News

Coping with maritime accidents and emergencies

Mon, 30 March 2015

Lloyd’s Maritime Academy, supported by the International Salvage Union, Safety4Sea and Lloyd’s List are holding a seminar, Managing Maritime Accidents & Emergencies on how to cope when disaster strikes at sea.

Most companies will have plans to handle maritime accidents and emergencies and the two day seminar, to be held in June in London is aimed at boosting participants’ expertise in managing varied and complex outcomes that can develop often faster than even the best organised response can cope with.

Areas covered include: exploring the primary cause of maritime incidents and the impact of human behaviour, identifying casualty management strategies, examination of legal implications and liability issues, understanding claims investigations and wreck removal, communicating with the media, an insight into handling incidents in the Arctic and hearing of the salvor’s perspective on the challenges of maritime accidents.

The list of twelve speakers is something of a who’s who of influential experts experienced in dealing with marine emergencies. Accidents in UK waters will invariably attract the attention of the Maritime & Coastguard Agency and Colin Mulvana, UK Deputy SOSREP will examine the role and improving the relationship of local authority engagement in an emergency. Two former MCA personnel, John Astbury CBE (formerly CEO at MCA) and Mark Clark (formerly head of public relations and media department) will talk on understanding command and control and communicating effectively with the media respectively.

When things go wrong at sea it is to the salvage industry that those at the wrong end of events will likely turn to. The role of the salvor is sometimes misunderstood at a time when owners and insurers may be under pressure to make important decisions without the luxury of being able to ‘sleep on it’. Mark Hoddinott, General Manager at the International Salvage Union is lined up to explain the salvor’s perspective including the complexities of salvage operations, salvage agreements, responder immunity, places of refuge and challenges associated with mega vessels. Mr Hoddinott is well placed to cover the subject being a master mariner and former Salvage Master for companies including Titan Salvage.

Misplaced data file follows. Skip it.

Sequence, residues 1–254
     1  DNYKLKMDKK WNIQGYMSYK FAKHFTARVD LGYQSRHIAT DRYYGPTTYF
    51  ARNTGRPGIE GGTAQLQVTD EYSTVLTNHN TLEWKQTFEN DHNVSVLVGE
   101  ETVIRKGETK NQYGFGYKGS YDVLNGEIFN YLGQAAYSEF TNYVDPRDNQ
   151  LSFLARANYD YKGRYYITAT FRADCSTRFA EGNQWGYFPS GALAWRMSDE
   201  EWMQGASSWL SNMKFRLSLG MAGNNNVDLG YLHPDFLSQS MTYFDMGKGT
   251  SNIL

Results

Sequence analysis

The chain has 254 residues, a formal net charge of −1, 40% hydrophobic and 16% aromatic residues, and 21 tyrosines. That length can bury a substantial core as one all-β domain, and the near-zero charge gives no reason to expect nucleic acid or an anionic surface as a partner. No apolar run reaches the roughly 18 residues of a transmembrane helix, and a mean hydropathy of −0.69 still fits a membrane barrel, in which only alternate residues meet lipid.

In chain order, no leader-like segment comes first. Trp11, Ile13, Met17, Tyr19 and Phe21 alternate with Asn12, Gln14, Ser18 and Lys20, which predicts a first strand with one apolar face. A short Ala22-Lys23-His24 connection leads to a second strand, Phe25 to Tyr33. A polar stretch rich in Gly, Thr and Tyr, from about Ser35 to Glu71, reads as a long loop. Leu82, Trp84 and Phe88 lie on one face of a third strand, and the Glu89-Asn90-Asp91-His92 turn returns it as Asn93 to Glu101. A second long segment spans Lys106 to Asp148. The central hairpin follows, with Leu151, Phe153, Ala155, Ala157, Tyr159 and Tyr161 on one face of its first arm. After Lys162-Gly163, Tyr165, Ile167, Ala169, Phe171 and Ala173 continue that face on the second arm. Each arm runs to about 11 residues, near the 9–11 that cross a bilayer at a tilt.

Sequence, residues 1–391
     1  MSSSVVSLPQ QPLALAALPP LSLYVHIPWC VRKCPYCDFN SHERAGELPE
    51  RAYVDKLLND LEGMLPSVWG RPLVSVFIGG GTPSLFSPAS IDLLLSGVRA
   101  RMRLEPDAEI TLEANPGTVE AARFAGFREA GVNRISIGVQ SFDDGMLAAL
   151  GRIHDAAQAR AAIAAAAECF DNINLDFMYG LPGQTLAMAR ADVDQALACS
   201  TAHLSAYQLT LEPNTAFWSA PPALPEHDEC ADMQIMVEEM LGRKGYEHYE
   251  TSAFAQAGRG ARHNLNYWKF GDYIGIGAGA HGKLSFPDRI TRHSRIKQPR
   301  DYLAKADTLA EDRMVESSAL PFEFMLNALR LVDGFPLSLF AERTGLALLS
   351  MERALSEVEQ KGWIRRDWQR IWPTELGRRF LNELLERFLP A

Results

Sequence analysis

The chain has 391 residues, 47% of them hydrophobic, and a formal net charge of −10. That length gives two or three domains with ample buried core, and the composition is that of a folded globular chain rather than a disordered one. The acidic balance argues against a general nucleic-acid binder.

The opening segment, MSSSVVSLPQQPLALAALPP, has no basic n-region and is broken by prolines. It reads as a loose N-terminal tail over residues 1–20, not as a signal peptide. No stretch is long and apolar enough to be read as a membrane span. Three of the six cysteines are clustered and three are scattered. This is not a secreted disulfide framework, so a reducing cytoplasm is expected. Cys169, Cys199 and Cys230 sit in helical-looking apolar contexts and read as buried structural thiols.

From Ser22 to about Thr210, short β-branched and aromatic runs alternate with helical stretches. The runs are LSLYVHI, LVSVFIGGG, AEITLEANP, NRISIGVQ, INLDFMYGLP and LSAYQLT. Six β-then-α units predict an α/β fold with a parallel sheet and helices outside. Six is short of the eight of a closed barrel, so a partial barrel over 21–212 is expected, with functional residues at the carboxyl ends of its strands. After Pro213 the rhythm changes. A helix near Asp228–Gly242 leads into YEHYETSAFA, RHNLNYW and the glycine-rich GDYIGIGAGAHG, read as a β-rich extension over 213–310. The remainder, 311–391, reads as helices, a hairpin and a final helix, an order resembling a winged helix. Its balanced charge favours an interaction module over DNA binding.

Casualties often result in litigation and a number of speaker will cover the inevitable legal aspects that have to be managed. This includes a practical workshop with Ian Maclean, master mariner and partner at Hill Dickinson covering litigation risk management and disclosing documents to opponents. A streamed session will involve groups discussing safety implications, investigation procedures, legal implications and salvage solutions when dealing with a mega container ship and passenger ship casualty.

With increasing activity in remote regions a senior representative from ITOPF will assess the complexity and costs of marine pollution in the Arctic including the difficulty of responding in such regions and complexity surrounding incidents involving containers. Details of the seminar can be found atwww.lloydsmaritimeacademy.com

Source: Peter Barker  http://www.maritimejournal.com/news101/tugs,-towing-and-salvage/coping-with-maritime-accidents-and-emergencies3

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